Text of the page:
Her true genre is Utopia: “[I]n our new society, humanity could finally revert to its natural polymorphous sexuality. . . . [A]ll relationships would be based on love alone, uncorrupted by dependencies and resulting class inequalities.” “Good luck,” I find myself thinking, but could this sarcasm be one symptom of the post-sixties taboo on mentioning such far-off desires, such confident demands for structural transformation? We are allergic to utopia just now, often seeing any sweeping prefigurative thinking as falsely universalizing, naive, out of touch with the hardness of power. Certainly Firestone’s text is vulnerable to such criticisms. It can easily be dismissed as marginal (“cybernetic communism,” ha, ha). Or her grand gestures, which clear families, races, classes from the board of history, can be dismissed as totalitarian. But this is to read the text out of its time. In an unequivocal voice now rare, Firestone simply insists that only fundamental reordering will change women’s unfriendly situation, and that parts of that restructuring are currently imaginable in the West, while other parts are still only dreams.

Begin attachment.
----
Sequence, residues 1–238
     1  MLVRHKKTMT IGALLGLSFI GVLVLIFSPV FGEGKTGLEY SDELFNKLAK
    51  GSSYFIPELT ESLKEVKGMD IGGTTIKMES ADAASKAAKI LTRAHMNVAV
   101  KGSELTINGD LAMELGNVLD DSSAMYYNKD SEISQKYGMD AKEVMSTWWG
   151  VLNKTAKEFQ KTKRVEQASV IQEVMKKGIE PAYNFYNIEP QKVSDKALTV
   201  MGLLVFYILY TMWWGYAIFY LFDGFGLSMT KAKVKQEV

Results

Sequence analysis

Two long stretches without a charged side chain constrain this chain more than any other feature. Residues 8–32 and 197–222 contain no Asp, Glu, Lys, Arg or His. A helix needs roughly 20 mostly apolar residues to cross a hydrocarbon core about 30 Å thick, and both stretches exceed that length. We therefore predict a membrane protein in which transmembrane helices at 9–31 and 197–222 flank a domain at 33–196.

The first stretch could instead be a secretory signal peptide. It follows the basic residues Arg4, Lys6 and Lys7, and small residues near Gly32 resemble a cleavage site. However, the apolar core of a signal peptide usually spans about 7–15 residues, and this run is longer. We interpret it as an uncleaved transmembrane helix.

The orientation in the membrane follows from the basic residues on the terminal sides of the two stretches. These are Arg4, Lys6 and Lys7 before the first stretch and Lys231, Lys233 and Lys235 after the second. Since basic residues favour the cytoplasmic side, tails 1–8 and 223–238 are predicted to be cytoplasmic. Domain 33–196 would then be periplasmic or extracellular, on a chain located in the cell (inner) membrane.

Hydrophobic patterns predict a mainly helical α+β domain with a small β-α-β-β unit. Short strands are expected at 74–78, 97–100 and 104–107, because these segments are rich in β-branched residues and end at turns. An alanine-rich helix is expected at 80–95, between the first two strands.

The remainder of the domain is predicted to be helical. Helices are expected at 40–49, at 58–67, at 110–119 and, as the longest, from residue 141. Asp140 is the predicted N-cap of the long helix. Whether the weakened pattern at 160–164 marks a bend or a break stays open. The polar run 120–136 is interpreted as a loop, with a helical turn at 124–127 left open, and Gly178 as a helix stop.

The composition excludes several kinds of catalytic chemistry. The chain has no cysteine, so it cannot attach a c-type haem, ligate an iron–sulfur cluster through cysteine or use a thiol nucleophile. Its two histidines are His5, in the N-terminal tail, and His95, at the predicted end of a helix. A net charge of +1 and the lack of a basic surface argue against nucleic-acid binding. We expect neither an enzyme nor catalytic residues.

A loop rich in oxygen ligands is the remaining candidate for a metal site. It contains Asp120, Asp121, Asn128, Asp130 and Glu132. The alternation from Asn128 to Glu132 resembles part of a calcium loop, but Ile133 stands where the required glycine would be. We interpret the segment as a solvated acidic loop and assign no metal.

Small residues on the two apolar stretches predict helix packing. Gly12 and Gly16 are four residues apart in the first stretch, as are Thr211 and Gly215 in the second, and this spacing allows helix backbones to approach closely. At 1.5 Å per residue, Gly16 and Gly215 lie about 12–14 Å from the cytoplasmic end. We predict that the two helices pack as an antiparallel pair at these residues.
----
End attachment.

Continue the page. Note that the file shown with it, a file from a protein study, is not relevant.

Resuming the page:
The dynamism of Marxism, the flowing sixties atmosphere, and the general tendency of feminist utopians to dream of amniotic bliss—all meet in The Dialectic of Sex. At that inspired moment, opposites—and barriers—seemed about to dissolve. The book is full of wishful fusions between contradictory concepts. For example, it begins:
Sex class is so deep as to be invisible. Or it may appear as a superficial inequality, one that can be solved by merely a few reforms, or perhaps by the full integration of women into the labor force But the reaction of the common man, woman, and child—“That? Why you can’t change that! You must be out of your mind!” —is the closest to the truth. We are talking about something every hit as deep as that. This gut reaction—the assumption that, even when they don’t know it, feminists are talking about changing a fundamental biological condition—is an honest one. That so profound a change cannot be easily fitted into traditional categories of thought, e.g. “political,” is not because these categories do not apply but because they are not big enough: radical feminism bursts through them. If there were another word more all-embracing than revolution we would use it.
TYPICALLY, the protean Firestone is here the first essentialist feminist and the first social constructionist. She felt she could have it both ways, could claim the body as cause, as female prison, then could break the locks through social transformation. The pace at which modern Western societies seemed to be moving, the expansion of possibilities from the l950s to the l970s, lifted what Firestone saw as the heavy burden of biology off many women in the West. Biology-as-destiny was their past, but not their future.